The photosynthesis rate with temperature is shown below for C3 plants at today’s CO2 levels (Low CO2), and at double CO2 level (High CO2).

The upper curve is the same for C4. From this it is clear that at double CO2 concentration, not only has the efficiency of C3 crops improved tremendously, but the temperature at which optimal photosynthesis occurs in C3 increases up to that of C4. Thus the vast majority of food crops will benefit hugely by increased CO2, and even more so by increased CO2 coupled with warming.
A dangerous combination would be increased warming without increased CO2. Since there is no proof whatsoever that increasing CO2 is having any significant effect on climate (any climate changes might be taking place by completely natural means over which we have no control), but there is incontrovertible evidence that increasing CO2 is positively beneficial with or without warming, then on the basis of risk mitigation and precaution it is utterly foolish to be reducing carbon emissions. As S.A. Cowling put it in Plants and temperature – CO2 uncoupling (Science, 1999, 285, 1500-1501)
We should be less concerned about rising CO2 and rising temperatures and more worried about the possibility that future atmospheric CO2 will suddenly stop increasing
The article Global Temperature Change and Terrestrial Ecology in the Encyclopedia of Water Science (CRC Press, 2007) has the matter stated correctly:
[It is a] well-established fact that CO2 is a powerful aerial fertilizer, which when added to the air can substantially increase the vegetative productivity of nearly all plants…numerous studies have demonstrated that the percent increase in growth produced by an increase in the air’s CO2 content typically rises with an increase in air temperature. In addition, at the species-specific upper-limiting air temperature at which plants typically die from thermal stress under current atmospheric CO2 concentrations, higher CO2 concentrations have been shown to protect plants and help them stave off thermal death…[and] increase the species-specific temperature at which plants grow best. Indeed it has been experimentally demonstrated that the typical CO2-induced increase in plant optimum temperature is as great as, if not greater than, the CO2-induced global warming typically predicted…Hence, [with] an increase in the air’s CO2 concentration – even if it did have a tendency to warm the earth (which is hotly debated) – …[plants] …would grow equally well, if not better, in a warmer and CO2-enriched environment.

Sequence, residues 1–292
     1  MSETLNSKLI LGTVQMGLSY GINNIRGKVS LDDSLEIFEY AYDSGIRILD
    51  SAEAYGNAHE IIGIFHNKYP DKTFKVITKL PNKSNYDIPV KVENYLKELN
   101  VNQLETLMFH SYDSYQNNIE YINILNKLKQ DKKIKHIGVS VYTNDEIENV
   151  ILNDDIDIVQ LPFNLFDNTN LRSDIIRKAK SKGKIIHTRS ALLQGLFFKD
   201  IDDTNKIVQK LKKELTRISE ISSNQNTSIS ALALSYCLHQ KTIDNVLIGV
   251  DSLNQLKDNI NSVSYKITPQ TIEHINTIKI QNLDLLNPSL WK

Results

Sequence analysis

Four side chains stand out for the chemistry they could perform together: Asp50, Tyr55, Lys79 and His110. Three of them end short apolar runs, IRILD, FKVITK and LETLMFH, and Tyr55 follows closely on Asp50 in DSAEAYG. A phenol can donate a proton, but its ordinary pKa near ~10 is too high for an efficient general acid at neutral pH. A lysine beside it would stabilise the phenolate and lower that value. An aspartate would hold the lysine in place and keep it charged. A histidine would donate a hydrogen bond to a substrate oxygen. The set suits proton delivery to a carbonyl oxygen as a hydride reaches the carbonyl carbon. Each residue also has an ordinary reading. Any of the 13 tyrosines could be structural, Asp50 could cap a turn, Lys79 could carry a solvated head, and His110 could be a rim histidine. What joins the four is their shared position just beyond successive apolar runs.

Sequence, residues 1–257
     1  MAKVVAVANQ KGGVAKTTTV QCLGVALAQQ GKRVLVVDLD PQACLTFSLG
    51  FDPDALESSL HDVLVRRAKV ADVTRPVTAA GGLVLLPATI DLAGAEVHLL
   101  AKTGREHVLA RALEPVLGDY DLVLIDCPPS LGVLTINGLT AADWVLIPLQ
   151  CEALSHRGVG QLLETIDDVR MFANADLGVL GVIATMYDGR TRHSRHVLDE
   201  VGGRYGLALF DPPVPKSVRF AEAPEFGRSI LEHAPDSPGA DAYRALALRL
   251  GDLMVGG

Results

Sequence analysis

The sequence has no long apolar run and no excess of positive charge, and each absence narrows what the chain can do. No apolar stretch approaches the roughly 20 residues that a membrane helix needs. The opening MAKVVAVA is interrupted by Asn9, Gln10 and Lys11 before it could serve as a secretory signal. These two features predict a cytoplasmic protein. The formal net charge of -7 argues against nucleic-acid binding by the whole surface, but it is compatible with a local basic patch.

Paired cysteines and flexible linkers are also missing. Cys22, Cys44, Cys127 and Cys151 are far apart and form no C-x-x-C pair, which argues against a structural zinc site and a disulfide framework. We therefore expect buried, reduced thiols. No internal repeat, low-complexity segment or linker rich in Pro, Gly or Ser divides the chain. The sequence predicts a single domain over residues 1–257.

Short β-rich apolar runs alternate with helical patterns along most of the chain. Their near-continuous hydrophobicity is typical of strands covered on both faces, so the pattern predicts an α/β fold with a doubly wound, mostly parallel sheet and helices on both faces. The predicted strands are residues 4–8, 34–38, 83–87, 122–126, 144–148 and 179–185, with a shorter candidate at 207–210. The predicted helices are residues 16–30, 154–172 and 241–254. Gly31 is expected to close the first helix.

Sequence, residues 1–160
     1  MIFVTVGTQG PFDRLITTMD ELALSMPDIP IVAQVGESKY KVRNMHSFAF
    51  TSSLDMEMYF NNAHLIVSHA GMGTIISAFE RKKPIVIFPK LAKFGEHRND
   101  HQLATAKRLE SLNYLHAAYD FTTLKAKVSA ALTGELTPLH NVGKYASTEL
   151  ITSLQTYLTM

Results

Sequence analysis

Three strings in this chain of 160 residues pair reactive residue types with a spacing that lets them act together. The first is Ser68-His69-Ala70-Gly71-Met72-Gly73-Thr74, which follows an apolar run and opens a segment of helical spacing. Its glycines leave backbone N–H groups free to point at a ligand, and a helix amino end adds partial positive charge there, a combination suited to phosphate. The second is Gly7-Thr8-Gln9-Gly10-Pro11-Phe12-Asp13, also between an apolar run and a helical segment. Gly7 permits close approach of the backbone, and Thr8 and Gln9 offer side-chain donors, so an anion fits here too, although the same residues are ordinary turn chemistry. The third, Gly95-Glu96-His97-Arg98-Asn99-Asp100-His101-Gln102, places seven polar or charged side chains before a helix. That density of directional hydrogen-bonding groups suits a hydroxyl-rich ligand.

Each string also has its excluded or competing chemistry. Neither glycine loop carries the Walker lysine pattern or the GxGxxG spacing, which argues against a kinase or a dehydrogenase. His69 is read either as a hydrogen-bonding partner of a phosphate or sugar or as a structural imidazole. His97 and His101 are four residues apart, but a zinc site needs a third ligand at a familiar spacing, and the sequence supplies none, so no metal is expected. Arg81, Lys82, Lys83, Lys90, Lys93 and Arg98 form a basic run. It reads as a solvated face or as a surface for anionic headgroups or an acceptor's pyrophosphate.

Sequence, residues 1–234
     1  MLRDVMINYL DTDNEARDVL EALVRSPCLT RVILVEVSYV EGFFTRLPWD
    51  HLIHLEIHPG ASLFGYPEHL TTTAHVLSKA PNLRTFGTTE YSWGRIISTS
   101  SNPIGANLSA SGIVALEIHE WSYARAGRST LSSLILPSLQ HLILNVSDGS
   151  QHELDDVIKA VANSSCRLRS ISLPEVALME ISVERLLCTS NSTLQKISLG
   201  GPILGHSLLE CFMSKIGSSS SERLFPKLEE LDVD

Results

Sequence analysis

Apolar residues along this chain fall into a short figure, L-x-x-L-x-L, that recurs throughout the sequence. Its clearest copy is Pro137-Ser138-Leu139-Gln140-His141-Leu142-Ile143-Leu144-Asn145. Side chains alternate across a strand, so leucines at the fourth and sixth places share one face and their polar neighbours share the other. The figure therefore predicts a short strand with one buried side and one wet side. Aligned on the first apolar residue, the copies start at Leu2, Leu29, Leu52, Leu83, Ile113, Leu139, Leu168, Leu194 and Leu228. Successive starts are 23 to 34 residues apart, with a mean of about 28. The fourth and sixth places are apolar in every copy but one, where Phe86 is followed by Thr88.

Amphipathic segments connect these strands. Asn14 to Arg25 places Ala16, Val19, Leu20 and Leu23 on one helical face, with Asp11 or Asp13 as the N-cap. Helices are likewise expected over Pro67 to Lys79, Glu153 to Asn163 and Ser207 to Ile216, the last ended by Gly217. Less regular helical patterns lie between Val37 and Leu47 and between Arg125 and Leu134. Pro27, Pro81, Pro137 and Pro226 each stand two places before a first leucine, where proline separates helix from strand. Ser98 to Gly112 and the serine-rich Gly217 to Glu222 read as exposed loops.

We will set out the full range of benefits of increasing CO2 in future posts, but as an initial summary the following is helpful by Vaclav Smil from China’s environmental crisis: an enquiry into the limits of national development (M.E. Sharpe, 1993)
There could also be important beneficial effects, above all a roughly 30 percent higher crop productivity brought by 600ppm of atmospheric CO2 and higher tropospheric temperatures. And the benefits may not end with higher productivity. As photosynthesis is predicated on a very uneven CO2—H2O exchange, higher atmospheric CO2 levels would significantly boost the water use efficiency of all plants. This reduction [in water use] would also average about 30 percent.
Other notable benefits or a higher CO2 level include lower photorespiration (which would increase both the optimum as well as the upper temperature range for photosynthesis), substantially improved symbiotic fixation of nitrogen in leguminous plants, increased resistance to lower temperatures, and air pollution, and a better tolerance of soil and water salinity. A combination of these responses would mean that all major crops would yield more in their current environments while using less water and, when rotated with leguminous species, less fertilizer—or they could be grown in areas considered today too arid for continuous field farming, or that they may be able to outperform the current yields in those regions where precipitation may decline…
Policies such as reducing carbon dioxide emissions, carbon capture and storage, taking land out of food use for biofuels (or onshore wind farms), increasing energy costs, grossly inefficient and poisonous ‘organic’ farming methods etc all serve to destroy the capability of this planet to support an increasing population. Behind this surely is the stated neo-Malthusian and Green policy to wipe out billions of lives by the sheer force of economics. As hunger increases, it will be blamed on man-made climate change, and the screw will be turned ever more tightly to introduce policies that will accelerate the destruction of mankind.